a new approach to prostate cancer

A new approach to prostate cancer


Prostate cancer is the most common cancer among men (after skin cancer) and is the second leading cause of death. Fortunately, it can be treated successfully if we have an early diagnosis.

Anatomically, the prostate gland is located around the proximal part of the urethra, below the bladder, in front of the rectum and behind the pubic bone. Just behind the prostate are glands called seminal vesicles glands that store and produce the majority of the fluid that makes up semen. The urethra is the tube that carries urine and semen out of the body through the penis. The size of the prostate can change with age. In younger men, it is about the size of a walnut, but it can be much larger in older men.

Prostate cancer begins when cells in the prostate gland start to grow out of control. Almost all prostate cancers are adenocarcinomas which develop from the cells in the prostate gland. Some prostate cancers grow and spread quickly, but most are fairly slow giving us time to obtain a diagnosis before any symptoms appear. A diagnosis is reached by biopsy which must be done should the result of the PSA (blood test) be suspicious.

Prostate cancer is divided into two big groups – the localised disease, where we aim to cure the patient, and the metastatic or advance disease where our aim is to increase the survival rate of the patient while maintaining a good quality of life. Surgery is a common choice to try to cure prostate cancer. In this operation, the surgeon removes the entire prostate gland plus some of the tissue around it, including the seminal vesicles.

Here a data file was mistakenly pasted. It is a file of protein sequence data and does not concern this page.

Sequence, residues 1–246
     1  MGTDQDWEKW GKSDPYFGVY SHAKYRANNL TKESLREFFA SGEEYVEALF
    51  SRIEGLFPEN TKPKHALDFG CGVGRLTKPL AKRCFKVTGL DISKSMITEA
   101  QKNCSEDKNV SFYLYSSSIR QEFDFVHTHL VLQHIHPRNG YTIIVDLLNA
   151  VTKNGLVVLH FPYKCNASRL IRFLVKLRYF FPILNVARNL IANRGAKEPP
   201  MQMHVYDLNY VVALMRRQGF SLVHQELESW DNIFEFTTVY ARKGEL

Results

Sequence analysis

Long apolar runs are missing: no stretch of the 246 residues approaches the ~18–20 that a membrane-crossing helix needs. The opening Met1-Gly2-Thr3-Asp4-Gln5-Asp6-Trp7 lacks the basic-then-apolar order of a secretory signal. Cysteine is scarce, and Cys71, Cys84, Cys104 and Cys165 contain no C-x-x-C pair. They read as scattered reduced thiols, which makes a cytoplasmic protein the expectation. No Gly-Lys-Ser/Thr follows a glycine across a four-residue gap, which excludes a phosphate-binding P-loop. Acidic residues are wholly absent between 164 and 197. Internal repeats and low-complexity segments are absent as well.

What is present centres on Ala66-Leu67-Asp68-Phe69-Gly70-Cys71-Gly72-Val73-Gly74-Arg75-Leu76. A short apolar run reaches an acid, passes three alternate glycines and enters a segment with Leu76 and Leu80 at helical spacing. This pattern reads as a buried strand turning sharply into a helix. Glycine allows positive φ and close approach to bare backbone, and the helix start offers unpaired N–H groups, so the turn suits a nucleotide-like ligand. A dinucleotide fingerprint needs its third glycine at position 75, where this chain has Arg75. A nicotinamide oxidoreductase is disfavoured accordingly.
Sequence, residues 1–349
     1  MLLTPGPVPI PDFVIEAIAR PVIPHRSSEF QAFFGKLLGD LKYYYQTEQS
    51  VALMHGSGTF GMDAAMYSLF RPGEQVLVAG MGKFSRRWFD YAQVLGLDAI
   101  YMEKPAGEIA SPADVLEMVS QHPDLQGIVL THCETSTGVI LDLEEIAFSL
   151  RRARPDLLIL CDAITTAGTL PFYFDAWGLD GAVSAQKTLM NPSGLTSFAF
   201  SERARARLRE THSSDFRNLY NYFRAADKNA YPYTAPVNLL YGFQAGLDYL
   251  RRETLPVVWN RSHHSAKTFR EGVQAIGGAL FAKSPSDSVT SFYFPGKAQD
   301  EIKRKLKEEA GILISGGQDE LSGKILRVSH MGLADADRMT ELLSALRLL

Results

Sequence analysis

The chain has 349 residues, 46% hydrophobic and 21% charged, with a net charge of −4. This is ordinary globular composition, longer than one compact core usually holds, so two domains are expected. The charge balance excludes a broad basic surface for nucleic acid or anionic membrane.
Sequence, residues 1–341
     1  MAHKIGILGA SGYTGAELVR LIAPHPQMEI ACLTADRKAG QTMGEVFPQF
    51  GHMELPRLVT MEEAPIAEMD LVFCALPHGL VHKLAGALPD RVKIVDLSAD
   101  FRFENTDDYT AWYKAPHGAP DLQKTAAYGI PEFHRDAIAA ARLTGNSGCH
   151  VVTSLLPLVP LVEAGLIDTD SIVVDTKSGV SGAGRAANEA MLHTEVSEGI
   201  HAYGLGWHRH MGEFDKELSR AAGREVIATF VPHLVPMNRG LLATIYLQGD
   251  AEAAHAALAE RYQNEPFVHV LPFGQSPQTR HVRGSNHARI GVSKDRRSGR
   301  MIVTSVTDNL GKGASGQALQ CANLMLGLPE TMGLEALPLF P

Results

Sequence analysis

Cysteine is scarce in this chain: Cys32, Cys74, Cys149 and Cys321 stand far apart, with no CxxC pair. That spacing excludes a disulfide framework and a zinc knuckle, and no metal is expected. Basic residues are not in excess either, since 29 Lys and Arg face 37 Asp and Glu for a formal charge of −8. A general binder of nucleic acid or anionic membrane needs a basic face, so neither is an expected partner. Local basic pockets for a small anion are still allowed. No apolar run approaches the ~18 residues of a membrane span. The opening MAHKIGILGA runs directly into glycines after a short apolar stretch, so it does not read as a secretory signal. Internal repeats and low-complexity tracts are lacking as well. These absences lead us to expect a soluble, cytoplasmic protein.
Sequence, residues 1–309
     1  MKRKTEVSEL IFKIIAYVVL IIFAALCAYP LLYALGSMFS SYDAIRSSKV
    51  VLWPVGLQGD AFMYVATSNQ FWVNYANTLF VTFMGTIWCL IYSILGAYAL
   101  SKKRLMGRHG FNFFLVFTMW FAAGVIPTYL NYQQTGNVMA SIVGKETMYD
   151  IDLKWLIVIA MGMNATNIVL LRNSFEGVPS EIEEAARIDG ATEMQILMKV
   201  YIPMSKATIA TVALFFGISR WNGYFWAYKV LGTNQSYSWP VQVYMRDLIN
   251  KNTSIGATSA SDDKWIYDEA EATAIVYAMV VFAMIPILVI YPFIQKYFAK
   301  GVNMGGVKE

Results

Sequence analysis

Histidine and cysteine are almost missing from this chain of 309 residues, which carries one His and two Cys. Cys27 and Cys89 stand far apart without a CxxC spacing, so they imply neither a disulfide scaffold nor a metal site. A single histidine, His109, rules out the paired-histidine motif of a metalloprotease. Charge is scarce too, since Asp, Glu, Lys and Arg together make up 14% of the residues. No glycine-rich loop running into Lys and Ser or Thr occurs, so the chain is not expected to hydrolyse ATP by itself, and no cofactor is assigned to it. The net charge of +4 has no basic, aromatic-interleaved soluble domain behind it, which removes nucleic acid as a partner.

In the more traditional approach in a radical prostatectomy, the surgeon operates through a single long skin incision (cut) to remove the prostate and surrounding tissue. This is known as an open surgery.

In the last two decades, minimally invasive surgery began to evolve and is now a common option in most top institutions. In a laparoscopic prostatectomy, the surgeon makes several smaller incisions and uses special long surgical tools to remove the prostate (keyhole surgery). If done by experienced surgeons and teams, the laparoscopic radical prostatectomy has better functional results and the post-operative recovery is much improved.

A radical laparoscopic prostatectomy is a challenging procedure that was mostly replaced by robotic-assisted surgery. A considerable number of difficult manoeuvres, and a technically-challenging vesical-urethral anastomosis near the end, make it one of the most advanced laparoscopic surgeries in urology. The use of articulated devices, especially if robotic, is very attractive and can help the surgeon overcome these difficulties, achieving better results.

In the HPA Health Group, urologists have been using this technique with very good results. This experience will soon be presented at an international congress in Vienna this September where we will be showing the impact of introducing these devices, not only in the length of operation time, but also perioperative complications and results.

By Prof. Tiago S. Rodrigues

Prof. Tiago S. Rodrigues is a urologist at both the Hospital in Alvor and in Gambelas, with experience in minimally invasive surgery and robotic forceps.